by Art Maw
Totem Poles tell a story about the tribe, family or a person and our pole is exactly that, a story of events in our lives.
My wife Lawrie and I built the pole together; she did a lot of the painting as she has a much steadier hand, and I did the carving. The pole was built at our cottage and is installed on the deck where it can be appreciated all the time, rather than at the entrance to the cottage when it would only be seen coming in.
The top of the pole is a Thunderbird that in native lore is a symbol of power and luck and is quite often found on native poles. Our Thunderbird is significant to us as I was attached to 426 squadron in the Canadian Air Force and the squadron emblem is a Thunderbird. Lawrie and I built a full size costume of the Thunderbird for the squadron in the 70s that to this day stands in a case in the squadron coffee room.
Our Thunderbird has many symbols of our life painted on the wing and body. The front of the wing has 53 gold dots for 53 years of marriage. The back of the body has two interlocking symbols of a man and a women representing our two sons and their wives.
The chevron on the front represents the fact that I was a Sergeant at the time.
The back of the wing has two female symbols and four male symbols for our six grandchildren and one of the female symbols has an interlocking male symbol for her husband.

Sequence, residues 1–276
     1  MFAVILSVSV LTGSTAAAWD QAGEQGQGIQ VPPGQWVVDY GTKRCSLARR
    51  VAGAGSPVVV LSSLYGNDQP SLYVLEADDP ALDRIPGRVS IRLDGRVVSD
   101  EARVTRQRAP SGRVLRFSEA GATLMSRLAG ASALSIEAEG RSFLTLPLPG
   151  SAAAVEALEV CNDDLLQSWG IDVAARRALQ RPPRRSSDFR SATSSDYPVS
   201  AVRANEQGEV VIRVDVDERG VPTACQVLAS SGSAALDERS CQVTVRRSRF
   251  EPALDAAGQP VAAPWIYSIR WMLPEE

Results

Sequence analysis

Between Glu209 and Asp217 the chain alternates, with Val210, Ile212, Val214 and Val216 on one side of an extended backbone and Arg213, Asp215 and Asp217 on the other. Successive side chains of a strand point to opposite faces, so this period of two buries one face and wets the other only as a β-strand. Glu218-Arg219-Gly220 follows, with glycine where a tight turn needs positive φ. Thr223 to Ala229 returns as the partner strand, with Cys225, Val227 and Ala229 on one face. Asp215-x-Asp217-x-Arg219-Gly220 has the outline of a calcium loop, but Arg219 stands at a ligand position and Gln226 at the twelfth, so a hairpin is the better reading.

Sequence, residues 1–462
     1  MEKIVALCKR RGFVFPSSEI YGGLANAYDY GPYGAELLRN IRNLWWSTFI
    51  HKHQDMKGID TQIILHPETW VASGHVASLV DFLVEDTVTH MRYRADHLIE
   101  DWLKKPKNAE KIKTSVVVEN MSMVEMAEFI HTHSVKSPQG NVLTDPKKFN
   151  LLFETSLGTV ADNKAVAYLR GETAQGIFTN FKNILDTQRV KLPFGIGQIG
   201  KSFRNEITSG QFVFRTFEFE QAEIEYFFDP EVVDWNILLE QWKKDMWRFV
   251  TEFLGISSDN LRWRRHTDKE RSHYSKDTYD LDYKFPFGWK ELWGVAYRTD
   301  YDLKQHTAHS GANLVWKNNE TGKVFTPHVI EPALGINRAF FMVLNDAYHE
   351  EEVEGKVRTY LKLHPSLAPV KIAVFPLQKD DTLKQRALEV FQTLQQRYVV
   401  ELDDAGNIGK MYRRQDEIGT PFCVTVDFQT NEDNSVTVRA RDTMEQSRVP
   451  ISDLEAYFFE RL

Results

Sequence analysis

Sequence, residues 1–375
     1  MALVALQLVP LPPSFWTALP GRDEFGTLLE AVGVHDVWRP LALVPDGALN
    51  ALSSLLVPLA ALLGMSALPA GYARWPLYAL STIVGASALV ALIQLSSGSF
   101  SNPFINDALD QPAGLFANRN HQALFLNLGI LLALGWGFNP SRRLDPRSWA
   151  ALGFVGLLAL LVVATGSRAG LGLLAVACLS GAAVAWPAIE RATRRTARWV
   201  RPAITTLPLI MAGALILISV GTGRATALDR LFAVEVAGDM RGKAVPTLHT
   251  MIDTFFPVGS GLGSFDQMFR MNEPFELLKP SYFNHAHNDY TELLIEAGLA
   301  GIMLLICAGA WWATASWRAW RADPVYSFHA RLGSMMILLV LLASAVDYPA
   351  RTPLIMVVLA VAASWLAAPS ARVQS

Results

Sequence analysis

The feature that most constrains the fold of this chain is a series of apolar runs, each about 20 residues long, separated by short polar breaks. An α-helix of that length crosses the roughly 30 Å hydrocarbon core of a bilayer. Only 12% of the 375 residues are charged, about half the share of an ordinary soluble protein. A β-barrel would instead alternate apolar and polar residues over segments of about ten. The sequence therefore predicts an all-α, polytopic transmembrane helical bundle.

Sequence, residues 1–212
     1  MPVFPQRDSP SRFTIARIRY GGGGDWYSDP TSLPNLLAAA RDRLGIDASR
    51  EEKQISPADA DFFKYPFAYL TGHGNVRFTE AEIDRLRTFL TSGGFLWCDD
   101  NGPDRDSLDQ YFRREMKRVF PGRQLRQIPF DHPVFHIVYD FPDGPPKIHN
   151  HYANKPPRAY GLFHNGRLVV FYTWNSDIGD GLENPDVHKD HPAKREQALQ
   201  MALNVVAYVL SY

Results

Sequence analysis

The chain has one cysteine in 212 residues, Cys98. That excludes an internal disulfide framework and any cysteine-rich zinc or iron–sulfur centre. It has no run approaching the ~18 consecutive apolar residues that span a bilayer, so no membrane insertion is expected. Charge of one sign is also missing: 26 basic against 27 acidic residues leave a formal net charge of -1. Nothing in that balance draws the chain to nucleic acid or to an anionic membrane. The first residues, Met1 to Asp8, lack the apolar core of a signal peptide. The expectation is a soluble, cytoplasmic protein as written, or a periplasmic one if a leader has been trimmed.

The fish in the talons is representative of all the fish caught by the grandchildren over the years.
The wood pecker is a reminder of the one who harassed us for a couple of weeks one year by hammering on the metal chimney flashing at five in the morning.
Throwing firewood and spraying with the hose did little to deter the little terror.
Next is a representation of a beaver that plagued us for many years building nests in our boathouse. One time he managed to bring in a log about eight inches in diameter and sixteen feet long, I had to open the boat doors to float it out.
The eyes are pennies to commemorate the end of their use in 2013.
The airman commemorates my thirty years in the Royal Canadian Air Force.
The screwdriver is one I had in the Air Force and lost in the lake many years ago.
Luckily my grandson Zacharie found it while snorkeling a couple of years ago. The shoulder flashes were used prior to 1965 and then changed to flashes with just Canada on them.
The heron on the bottom of the pole is our favorite bird and a symbol of prosperity.
The male symbol is for our first great grandson Ethan and is on the bottom with lots of space around him so we can add more as they arrive without taking the pole down.
Building The Pole
Raising The Pole
Our son Andrew, Grandson Liam and daughter in-law Brigitte helped put the pole in place.
We had to carry it through the cottage to get it on the deck without breaking it.
Out Totem Pole
Copyright Art Maw
All photos used with permission